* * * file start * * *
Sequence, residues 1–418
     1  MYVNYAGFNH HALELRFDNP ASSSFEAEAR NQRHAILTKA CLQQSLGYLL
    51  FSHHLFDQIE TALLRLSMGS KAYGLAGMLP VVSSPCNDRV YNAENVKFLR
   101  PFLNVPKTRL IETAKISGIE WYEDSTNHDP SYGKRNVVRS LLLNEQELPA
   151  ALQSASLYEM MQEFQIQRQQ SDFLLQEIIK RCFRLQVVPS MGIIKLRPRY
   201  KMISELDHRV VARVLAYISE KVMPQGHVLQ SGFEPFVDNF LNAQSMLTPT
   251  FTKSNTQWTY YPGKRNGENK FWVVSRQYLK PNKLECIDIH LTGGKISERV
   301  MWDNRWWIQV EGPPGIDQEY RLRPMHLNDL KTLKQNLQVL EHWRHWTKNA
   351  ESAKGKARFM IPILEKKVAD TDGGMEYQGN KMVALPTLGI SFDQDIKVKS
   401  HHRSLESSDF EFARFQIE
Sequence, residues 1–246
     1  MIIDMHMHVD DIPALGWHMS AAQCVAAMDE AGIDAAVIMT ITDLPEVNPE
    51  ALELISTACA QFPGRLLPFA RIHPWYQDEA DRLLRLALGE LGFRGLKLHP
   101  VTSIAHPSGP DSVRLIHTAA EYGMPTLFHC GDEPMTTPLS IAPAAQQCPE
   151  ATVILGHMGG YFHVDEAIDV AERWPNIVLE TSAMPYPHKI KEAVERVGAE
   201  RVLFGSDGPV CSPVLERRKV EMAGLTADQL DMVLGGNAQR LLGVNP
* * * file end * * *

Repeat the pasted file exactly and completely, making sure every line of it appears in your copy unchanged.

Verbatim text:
Sequence, residues 1–418
     1  MYVNYAGFNH HALELRFDNP ASSSFEAEAR NQRHAILTKA CLQQSLGYLL
    51  FSHHLFDQIE TALLRLSMGS KAYGLAGMLP VVSSPCNDRV YNAENVKFLR
   101  PFLNVPKTRL IETAKISGIE WYEDSTNHDP SYGKRNVVRS LLLNEQELPA
   151  ALQSASLYEM MQEFQIQRQQ SDFLLQEIIK RCFRLQVVPS MGIIKLRPRY
   201  KMISELDHRV VARVLAYISE KVMPQGHVLQ SGFEPFVDNF LNAQSMLTPT
   251  FTKSNTQWTY YPGKRNGENK FWVVSRQYLK PNKLECIDIH LTGGKISERV
   301  MWDNRWWIQV EGPPGIDQEY RLRPMHLNDL KTLKQNLQVL EHWRHWTKNA
   351  ESAKGKARFM IPILEKKVAD TDGGMEYQGN KMVALPTLGI SFDQDIKVKS
   401  HHRSLESSDF EFARFQIE
Sequence, residues 1–246
     1  MIIDMHMHVD DIPALGWHMS AAQCVAAMDE AGIDAAVIMT ITDLPEVNPE
    51  ALELISTACA QFPGRLLPFA RIHPWYQDEA DRLLRLALGE LGFRGLKLHP
   101  VTSIAHPSGP DSVRLIHTAA EYGMPTLFHC GDEPMTTPLS IAPAAQQCPE
   151  ATVILGHMGG YFHVDEAIDV AERWPNIVLE TSAMPYPHKI KEAVERVGAE
   201  RVLFGSDGPV CSPVLERRKV EMAGLTADQL DMVLGGNAQR LLGVNP